Let me highlight a few key features that underpin our steadfast policy of promoting Hong Kong as an international legal and dispute resolution services centre in the Asia-Pacific.
Neutrality and impartiality of Hong Kong's legal system
First of all, people who know Hong Kong would agree that the rule of law is the core value shared and treasured by the Hong Kong community. The concept of the rule of law helps to ensure a level playing field and promotes fair competition for all businesses. International investors can rest assured that their investments and business interests are protected by a well-established legal system with highly effective means of resolving disputes, including independent and impartial courts and a mature and user-friendly arbitration regime.
The rule of law, including the notion of judicial independence, is deeply entrenched in Hong Kong's constitutional regime. Article 85 of our Basic Law provides that the Hong Kong courts "shall exercise judicial power independently, free from any interference". Article 82 of our Basic Law further provides that the power of final adjudication shall be vested in our Court of Final Appeal. It is also important to note that Article 82 puts in place a unique arrangement which permits the invitation of judges from other common law jurisdictions to sit on the Court of Final Appeal.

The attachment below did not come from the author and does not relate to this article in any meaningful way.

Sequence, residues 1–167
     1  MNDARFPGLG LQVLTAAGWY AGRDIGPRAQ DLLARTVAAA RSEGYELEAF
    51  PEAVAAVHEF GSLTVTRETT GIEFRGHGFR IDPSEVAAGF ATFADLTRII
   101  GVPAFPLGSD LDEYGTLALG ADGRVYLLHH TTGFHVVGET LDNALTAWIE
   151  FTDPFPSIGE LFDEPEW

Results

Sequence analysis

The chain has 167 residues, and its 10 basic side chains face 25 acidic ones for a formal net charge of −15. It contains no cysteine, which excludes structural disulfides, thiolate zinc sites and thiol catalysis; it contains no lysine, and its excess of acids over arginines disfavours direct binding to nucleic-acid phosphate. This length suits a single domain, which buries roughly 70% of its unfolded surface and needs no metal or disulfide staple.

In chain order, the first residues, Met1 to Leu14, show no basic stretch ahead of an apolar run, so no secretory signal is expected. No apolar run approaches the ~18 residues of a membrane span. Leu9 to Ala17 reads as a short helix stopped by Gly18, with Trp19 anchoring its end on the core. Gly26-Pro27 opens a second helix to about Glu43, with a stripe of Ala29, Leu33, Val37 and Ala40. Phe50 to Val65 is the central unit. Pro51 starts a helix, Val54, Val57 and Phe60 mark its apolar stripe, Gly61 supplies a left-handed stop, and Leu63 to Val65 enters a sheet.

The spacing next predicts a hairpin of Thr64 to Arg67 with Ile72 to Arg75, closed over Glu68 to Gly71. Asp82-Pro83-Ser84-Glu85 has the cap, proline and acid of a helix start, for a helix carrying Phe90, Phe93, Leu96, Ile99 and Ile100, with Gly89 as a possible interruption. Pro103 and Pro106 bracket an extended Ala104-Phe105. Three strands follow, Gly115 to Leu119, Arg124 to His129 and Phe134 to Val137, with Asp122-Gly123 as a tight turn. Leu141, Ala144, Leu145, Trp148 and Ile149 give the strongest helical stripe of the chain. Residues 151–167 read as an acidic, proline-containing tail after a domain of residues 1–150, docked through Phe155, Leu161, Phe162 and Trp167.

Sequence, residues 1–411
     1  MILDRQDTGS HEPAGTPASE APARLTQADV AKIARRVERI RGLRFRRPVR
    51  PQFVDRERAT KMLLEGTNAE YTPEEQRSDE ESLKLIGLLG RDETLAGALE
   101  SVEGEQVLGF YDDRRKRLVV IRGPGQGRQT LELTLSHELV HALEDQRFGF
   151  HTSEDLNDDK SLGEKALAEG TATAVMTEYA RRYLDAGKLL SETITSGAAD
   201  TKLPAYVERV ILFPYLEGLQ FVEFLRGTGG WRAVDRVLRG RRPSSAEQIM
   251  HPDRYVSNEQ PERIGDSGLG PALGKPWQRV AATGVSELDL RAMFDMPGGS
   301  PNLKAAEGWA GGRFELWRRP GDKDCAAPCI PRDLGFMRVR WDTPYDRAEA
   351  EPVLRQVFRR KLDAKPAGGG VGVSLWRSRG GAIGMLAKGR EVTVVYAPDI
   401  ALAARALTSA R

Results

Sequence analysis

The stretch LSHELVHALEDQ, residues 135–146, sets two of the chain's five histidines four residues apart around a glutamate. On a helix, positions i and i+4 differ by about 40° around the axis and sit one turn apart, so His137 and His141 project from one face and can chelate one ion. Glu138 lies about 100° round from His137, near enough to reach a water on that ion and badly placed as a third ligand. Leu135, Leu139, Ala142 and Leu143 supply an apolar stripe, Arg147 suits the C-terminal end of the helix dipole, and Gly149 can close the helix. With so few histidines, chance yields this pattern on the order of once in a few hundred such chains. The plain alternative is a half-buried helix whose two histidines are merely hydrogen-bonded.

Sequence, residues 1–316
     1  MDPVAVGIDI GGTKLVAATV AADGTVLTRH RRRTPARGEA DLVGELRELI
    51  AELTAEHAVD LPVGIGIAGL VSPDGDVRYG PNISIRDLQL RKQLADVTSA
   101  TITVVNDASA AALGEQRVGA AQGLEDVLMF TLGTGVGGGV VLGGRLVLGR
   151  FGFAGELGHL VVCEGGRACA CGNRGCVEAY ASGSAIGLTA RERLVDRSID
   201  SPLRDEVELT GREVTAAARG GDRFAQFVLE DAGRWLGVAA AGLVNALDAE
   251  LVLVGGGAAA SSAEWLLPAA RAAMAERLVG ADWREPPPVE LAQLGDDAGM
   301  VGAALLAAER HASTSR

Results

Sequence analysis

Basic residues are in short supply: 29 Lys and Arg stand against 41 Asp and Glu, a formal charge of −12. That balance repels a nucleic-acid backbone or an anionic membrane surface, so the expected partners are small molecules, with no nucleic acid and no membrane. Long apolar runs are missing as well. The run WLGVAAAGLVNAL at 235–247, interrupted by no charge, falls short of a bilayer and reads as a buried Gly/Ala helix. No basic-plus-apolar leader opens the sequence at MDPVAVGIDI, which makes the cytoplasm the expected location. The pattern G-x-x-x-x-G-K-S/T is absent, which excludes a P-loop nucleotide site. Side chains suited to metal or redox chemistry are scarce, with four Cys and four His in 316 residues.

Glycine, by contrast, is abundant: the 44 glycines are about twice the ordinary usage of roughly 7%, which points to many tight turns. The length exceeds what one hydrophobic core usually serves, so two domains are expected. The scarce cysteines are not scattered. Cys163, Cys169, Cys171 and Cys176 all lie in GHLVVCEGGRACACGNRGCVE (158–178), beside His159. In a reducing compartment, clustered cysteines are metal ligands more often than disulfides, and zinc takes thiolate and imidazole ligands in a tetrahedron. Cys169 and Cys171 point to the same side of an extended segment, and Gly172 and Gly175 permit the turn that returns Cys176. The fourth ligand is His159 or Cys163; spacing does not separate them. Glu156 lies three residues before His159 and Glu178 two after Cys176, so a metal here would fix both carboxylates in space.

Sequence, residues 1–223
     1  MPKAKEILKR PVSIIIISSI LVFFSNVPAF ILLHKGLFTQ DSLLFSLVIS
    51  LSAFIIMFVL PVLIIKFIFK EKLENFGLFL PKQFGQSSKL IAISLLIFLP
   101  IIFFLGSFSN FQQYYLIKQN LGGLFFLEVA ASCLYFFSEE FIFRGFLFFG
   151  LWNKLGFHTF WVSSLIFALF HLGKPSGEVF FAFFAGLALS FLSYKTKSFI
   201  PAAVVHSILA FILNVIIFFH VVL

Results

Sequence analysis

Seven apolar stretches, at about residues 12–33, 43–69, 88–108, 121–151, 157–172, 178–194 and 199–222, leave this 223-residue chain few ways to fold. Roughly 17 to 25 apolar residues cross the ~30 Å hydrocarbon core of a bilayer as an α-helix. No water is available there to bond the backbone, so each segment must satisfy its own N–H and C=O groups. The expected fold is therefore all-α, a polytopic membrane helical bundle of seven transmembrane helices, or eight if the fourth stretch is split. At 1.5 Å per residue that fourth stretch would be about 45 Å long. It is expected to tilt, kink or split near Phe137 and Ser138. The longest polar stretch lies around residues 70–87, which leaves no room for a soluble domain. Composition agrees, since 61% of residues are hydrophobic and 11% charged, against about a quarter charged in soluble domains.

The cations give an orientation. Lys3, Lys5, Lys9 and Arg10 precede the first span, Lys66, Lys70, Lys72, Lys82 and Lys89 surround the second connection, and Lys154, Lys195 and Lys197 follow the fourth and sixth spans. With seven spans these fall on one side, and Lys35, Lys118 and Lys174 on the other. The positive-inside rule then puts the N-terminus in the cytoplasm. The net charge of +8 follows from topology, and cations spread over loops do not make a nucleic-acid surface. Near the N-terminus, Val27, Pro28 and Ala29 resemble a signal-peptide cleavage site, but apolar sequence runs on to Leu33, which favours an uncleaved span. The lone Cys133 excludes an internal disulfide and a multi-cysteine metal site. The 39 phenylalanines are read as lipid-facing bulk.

Since the establishment of the Hong Kong SAR in July 1997, eminent judges and jurists from the United Kingdom, Australia and New Zealand have been invited to sit on our Court of Final Appeal. Final appeals of all types of cases (including cases raising fundamental constitutional issues, proceedings touching on important government polices as well as substantial and complex commercial cases) were and still are being heard by a panel of five judges, which invariably include one such overseas judge. At the moment, we are privileged to have a total of 12 such overseas judges sitting at our Court of Final Appeal from time to time. Familiar names include Sir Anthony Mason, Lord Neuberger, Lord Hoffmann, Lord Millett, Lord Collins, Lord Phillips and Lord Clarke.
I dare say that our Court of Final Appeal is internationally renowned. This is evidenced by, among others, the fact that their judgments have been frequently cited in other common law jurisdictions.
World-class legal and arbitration institutions